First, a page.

The other day I came across a well-worn notebook where I like to brainstorm and write down goals. It includes my 100 bucket list items, notes of inspiration from time spent abroad, and my dreams and aspirations of becoming a teacher. Flipping through the pages, I found one labeled “Teacher Goals 12/13,” which must have been written the summer between my first and second year of teaching. Ten years in, I smile at my young, naive, teacher goals but realize my past self did carry wisdom. I thought it would be fun to edit my young teacher goals, as well as tip my hat to her knowledge.
Teaching Goals 12/13
1. I will have excellent classroom management.
In the words of Ms. Taylor Swift, excellent classroom management “never goes out of style.”
2. My students will inspire me everyday.
They will inspire you. They will also sneeze and vomit on you, bring you questionable wet items from the restroom and make you laugh until you cry. Sometimes they just plan make you cry. Your students will worry you and humble you.
3. I will be the best teacher I can be for my students.
It will take you years to learn this. You really can’t pour from an empty cup. The best teacher is a happy teacher who isn’t carrying the guilt of trying to be everything for every one.
4. I will have a well-behaved, attentive, organized class.
You will learn sometimes students will act out for reasons they don’t even understand. Don’t be afraid to get to know them, understand their story and relate to the trails and tribulations they are going through.
5. My students will grow considerably in all subject areas.
It is important that they grow academically and to keep consistency in the classroom. However, don’t be afraid to support them to grow as people. Show them kindness and forgiveness. Be an example of someone that looks past what they are wearing or things people may have said about them.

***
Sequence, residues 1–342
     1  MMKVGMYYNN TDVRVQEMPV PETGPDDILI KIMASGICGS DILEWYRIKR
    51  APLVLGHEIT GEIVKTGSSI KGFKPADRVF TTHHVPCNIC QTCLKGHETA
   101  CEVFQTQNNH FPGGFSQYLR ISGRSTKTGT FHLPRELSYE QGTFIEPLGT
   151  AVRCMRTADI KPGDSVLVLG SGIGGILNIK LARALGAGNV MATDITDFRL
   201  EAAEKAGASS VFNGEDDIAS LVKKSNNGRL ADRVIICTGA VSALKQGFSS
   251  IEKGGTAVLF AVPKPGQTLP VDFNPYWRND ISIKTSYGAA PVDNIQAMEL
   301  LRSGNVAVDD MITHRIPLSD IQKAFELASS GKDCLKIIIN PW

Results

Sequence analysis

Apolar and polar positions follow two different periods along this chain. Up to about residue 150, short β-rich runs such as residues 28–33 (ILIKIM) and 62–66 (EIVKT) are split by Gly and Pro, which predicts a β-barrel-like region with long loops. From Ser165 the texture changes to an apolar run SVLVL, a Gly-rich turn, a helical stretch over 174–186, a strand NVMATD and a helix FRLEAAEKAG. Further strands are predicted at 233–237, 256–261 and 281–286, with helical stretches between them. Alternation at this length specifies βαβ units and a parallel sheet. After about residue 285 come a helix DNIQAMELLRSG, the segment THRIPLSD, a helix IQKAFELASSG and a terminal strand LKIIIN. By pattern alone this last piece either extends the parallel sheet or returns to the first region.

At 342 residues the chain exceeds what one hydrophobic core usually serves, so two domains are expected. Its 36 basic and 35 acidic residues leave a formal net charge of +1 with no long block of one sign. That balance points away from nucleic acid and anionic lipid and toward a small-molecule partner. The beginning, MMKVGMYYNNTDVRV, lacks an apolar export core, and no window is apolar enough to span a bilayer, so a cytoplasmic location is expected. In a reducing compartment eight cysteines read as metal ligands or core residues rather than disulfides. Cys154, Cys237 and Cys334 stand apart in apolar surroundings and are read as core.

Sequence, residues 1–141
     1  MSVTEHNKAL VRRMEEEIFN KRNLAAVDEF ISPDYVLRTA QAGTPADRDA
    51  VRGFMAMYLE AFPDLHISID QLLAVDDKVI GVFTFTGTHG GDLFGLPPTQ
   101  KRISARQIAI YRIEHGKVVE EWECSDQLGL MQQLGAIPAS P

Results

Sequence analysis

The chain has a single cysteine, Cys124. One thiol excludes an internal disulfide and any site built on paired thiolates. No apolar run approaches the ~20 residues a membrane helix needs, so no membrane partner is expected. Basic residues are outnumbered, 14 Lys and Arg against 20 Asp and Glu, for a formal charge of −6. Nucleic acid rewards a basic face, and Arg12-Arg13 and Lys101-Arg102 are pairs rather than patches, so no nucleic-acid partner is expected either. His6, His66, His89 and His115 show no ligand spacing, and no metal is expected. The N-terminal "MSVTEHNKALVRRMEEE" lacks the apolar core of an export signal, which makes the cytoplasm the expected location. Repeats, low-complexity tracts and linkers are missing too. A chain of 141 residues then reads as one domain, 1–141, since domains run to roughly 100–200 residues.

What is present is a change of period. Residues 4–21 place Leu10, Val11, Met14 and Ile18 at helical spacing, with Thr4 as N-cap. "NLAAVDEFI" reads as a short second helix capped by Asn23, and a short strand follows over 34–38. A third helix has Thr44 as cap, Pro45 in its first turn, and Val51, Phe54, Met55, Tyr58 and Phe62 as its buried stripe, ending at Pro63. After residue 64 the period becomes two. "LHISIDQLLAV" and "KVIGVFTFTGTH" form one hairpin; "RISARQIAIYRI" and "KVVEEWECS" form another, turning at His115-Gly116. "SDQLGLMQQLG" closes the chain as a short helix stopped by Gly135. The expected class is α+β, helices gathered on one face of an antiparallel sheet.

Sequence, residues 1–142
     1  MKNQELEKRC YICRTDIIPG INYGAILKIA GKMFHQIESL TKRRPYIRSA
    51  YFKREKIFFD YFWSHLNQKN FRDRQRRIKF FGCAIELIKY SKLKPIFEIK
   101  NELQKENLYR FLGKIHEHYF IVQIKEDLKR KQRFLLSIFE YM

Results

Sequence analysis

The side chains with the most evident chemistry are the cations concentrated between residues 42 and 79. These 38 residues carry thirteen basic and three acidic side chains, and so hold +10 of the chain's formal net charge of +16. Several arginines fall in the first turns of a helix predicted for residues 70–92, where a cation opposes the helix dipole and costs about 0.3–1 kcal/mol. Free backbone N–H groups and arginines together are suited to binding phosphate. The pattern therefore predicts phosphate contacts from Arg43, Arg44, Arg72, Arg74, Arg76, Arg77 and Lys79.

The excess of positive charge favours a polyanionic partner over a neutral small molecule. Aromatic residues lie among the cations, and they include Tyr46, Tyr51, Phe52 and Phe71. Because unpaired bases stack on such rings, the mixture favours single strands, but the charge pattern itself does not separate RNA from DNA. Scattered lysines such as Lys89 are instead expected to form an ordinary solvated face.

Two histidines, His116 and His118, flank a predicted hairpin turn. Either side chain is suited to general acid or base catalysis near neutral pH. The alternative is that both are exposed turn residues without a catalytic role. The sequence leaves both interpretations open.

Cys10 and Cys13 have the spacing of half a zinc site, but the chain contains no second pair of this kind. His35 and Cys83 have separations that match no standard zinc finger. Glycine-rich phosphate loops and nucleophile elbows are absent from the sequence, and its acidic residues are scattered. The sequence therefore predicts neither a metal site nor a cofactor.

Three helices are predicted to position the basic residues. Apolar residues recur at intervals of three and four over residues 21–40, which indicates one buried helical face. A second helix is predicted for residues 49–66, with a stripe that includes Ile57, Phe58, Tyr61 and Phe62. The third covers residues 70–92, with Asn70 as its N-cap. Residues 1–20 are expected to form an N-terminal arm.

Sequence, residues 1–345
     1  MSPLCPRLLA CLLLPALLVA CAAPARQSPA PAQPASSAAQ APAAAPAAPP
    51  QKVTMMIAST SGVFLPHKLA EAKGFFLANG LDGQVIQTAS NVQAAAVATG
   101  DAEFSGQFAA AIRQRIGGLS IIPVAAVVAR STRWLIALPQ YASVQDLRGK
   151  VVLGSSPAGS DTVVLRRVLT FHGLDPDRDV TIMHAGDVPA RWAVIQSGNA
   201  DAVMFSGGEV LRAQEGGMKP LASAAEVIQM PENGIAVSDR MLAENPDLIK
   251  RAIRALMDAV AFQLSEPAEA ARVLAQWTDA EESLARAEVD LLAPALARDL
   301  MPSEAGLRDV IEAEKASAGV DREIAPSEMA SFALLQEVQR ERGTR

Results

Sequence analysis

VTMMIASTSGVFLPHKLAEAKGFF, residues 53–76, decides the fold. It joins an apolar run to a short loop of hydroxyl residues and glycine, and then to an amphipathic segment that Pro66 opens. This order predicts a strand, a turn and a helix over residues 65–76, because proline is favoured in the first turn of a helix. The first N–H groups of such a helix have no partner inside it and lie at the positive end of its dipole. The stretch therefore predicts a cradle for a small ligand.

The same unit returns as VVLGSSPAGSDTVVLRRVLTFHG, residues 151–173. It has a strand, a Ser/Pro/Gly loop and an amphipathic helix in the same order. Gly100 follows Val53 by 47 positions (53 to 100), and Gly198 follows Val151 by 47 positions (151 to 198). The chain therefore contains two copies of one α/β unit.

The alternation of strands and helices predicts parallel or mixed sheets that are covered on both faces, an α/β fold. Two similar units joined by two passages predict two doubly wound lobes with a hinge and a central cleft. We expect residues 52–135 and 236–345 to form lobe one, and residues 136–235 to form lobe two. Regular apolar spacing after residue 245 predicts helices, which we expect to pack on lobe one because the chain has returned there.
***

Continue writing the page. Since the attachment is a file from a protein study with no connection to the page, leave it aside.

6. I will keep myself organized and sufficient as a teacher.
You are going to make so many mistakes. You will pick up tips and tricks as you go. Just remember, when you are stressed, your students can sense it. Find a system that works for you and soak in as much knowledge from the teachers around you.
7. My relationship with the staff will continue to grow and deepen in the most positive ways.
Some of your deepest friendships will come out of this profession. No one else understands exactly what you are going through or will understand the love you pour into your students. Your fellow teachers are not your competition, they are your saving grace. They are your best allies and loudest cheering squad.
Ten years, two districts, and two grade levels later, so much has changed, yet so much has stayed the same. This profession is a kaleidoscope of hope and wonder, frustration and anxiety. A wondrous mix of goofiness and stern, eye-opening moments. To my first-year teacher self, I can’t prepare you for all the unpredictability that is to come; but if you build relationships with your students, fight for your own peace, and stay true to yourself, that is an equation that will lead you closer toward the teacher you aspire to be.